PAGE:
Plastic water tanks are a common site in rural Africa, where small-scale water storage solutions are in high demand amongst communities coping with erratic water supply conditions. Brands such as the Kentank in Kenya and Simtank in Tanzania, can often be found in even the most remote locations, and the firms behind these products are well versed in the challenging business of rural distribution.
So, what if this manufacturing and distribution capacity could be leveraged for other products, such as improved household sanitation solutions?
Kentainers, the producer of the Kentank, and Silafrica, the firm behind the Simtank, are two of a group of regional manufacturing firms that are currently engaged under the Selling Sanitation initiative, a joint project of IFC and the World Bank Water and Sanitation Program.
With support from the Bill & Melinda Gates Foundation, the initiative aims to catalyze the market for improved sanitation and accelerate access to more affordable sanitation solutions for low-income households in East Africa, with a pilot program in Kenya.
This initiative will lower market barriers, attract private investment and spur innovation by helping firms better understand consumer needs at the low end of the economic pyramid. It will provide support to manufacturing firms to design new products, helps manufacturers develop rural distribution mechanisms, and actively promote sanitation to consumers currently without access. The initiative will work closely with regional government counterparts, including the Kenyan Ministry of Public Health and Sanitation, to create the right enabling conditions for the sanitation market.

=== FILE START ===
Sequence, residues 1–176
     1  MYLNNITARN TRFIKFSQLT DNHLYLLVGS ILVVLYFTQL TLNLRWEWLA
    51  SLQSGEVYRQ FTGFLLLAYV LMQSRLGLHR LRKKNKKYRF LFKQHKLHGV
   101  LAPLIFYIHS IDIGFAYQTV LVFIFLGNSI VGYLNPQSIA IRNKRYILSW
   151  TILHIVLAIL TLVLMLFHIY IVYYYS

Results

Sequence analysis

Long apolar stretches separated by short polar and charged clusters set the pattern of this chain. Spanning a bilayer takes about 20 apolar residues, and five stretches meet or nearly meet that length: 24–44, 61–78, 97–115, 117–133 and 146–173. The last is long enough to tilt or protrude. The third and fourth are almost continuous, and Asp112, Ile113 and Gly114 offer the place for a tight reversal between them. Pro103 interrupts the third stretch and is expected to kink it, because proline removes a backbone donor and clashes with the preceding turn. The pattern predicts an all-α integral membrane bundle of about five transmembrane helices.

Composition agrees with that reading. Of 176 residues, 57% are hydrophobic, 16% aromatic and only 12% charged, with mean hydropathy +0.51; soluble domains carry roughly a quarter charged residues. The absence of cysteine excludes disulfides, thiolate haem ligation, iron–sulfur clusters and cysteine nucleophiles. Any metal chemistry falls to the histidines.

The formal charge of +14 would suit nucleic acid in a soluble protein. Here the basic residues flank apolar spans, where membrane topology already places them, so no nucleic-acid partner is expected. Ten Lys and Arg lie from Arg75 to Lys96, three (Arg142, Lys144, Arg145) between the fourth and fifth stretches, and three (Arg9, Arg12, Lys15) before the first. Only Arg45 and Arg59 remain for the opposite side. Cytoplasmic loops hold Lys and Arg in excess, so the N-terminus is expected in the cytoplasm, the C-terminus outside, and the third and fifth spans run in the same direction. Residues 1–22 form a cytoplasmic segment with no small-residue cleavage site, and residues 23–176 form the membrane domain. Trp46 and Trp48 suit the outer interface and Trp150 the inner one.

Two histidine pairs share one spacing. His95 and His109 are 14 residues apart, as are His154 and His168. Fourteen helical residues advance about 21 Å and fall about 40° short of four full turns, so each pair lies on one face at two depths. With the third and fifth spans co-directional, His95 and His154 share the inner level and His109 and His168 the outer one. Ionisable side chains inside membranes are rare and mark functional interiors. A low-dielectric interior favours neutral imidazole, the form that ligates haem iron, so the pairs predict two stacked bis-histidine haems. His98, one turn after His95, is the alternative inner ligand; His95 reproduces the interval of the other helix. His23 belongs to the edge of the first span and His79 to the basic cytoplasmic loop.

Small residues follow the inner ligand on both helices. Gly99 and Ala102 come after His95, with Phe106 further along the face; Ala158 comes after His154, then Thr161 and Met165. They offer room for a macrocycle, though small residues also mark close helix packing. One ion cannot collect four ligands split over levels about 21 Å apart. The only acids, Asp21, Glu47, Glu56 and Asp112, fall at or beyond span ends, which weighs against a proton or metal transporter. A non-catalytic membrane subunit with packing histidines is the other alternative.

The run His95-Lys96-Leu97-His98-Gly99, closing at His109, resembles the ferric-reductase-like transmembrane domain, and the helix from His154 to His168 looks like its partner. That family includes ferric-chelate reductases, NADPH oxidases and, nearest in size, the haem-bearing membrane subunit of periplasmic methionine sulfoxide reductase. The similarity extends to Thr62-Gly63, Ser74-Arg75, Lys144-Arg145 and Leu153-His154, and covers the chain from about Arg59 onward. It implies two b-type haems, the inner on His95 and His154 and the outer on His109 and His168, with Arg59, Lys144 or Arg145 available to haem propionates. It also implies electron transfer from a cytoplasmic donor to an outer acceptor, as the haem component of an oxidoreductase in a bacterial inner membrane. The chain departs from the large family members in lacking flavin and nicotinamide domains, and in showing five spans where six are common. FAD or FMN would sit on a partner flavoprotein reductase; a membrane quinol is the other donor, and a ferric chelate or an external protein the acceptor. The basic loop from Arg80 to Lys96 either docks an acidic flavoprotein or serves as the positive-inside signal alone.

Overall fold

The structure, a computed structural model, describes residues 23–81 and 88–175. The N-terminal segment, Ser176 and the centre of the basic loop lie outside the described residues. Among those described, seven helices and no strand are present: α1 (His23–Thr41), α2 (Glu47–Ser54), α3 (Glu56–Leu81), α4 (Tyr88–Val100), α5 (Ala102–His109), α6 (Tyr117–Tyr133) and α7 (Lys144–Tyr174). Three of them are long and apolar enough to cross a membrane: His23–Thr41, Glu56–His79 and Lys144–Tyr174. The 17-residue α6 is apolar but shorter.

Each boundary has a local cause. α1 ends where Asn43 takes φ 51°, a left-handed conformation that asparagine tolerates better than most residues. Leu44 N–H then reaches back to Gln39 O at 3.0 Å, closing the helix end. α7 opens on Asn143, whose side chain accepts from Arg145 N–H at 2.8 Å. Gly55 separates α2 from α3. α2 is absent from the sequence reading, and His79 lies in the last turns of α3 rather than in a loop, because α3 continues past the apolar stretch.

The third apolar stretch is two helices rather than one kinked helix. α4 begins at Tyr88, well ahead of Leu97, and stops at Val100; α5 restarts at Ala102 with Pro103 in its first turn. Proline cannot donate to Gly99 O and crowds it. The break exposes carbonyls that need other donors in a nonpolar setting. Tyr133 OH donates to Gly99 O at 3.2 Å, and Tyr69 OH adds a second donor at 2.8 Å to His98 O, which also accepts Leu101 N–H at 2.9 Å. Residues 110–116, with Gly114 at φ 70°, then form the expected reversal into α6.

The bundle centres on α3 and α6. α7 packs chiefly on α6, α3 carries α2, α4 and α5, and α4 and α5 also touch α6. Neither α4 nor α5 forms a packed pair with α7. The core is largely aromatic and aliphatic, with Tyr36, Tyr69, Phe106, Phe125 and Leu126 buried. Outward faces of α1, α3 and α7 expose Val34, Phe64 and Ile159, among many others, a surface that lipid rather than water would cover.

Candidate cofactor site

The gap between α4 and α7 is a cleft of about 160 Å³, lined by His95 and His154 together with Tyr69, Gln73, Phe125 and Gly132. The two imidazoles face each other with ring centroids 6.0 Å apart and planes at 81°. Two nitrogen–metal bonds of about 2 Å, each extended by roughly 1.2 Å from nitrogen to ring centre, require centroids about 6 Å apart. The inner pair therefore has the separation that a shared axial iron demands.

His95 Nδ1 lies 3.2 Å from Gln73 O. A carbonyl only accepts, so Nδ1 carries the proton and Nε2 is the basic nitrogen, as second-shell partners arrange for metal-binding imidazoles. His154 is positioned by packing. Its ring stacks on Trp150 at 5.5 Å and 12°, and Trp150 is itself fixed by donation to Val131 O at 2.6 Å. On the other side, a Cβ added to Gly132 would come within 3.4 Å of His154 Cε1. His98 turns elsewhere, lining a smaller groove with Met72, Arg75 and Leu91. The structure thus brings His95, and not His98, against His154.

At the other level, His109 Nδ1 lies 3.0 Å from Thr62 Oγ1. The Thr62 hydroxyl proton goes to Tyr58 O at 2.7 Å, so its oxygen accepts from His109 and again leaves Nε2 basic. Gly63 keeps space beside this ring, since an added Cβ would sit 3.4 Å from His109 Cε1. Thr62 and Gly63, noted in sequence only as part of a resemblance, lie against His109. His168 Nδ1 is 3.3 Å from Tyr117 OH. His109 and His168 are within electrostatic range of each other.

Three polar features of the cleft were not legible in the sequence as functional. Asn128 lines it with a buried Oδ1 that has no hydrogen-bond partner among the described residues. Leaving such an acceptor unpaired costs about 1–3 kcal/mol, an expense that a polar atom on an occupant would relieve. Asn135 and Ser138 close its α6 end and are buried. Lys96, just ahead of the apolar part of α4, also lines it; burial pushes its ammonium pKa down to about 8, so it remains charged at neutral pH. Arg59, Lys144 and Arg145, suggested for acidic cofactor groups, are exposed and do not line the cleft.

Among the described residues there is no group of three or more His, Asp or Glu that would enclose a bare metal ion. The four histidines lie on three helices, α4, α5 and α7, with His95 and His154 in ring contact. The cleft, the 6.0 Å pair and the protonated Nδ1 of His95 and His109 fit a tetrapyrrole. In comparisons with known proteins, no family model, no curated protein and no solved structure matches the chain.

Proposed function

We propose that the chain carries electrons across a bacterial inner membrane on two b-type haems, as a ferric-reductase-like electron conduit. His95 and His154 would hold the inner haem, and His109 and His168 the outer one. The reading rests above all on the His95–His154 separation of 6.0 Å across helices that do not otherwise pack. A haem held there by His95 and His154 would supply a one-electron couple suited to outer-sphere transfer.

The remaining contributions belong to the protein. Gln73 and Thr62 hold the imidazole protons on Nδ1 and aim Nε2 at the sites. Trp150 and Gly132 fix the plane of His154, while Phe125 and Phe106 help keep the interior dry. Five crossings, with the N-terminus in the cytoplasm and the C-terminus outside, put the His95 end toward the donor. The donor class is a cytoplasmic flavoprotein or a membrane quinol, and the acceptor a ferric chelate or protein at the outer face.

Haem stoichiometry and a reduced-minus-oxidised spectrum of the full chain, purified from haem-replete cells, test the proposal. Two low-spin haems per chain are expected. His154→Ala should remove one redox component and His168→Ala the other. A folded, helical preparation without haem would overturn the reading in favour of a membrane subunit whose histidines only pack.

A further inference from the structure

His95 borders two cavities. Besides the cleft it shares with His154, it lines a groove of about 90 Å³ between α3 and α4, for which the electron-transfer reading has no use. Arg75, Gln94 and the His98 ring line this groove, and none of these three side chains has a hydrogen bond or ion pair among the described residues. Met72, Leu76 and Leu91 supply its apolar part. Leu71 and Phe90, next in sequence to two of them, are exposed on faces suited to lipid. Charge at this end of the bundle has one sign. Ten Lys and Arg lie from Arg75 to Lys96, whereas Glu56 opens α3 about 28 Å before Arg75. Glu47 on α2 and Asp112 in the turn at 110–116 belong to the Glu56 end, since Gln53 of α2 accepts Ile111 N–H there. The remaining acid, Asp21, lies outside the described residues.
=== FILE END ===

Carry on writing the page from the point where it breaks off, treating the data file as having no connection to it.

Approximately 28 million Kenyans, over two-thirds of the population, lack access to improved sanitation. Nearly 20,000 Kenyans, including more than 17,000 children under the age of five, die every year from diarrheal diseases directly attributed to poor water, sanitation and hygiene. Many Kenyan households use poor quality, but costly latrines with low hygienic standards. Few affordable product and service options exist for low-income households looking to upgrade or build new sanitation facilities.
The initiative is part of IFC’s Sanitation and Safe Water for All program, which has recently published a step-by-step guide for entrepreneurs on how to develop a water treatment and vending business in Kenya. The program builds on the experience from Lighting Africa, a joint IFC and World Bank program, which has so far provided safe, affordable and modern off-grid lighting to more than four million people in Sub-Saharan Africa. The initiative also leverages the extensive sanitation expertise of the World Bank Water and Sanitation Program.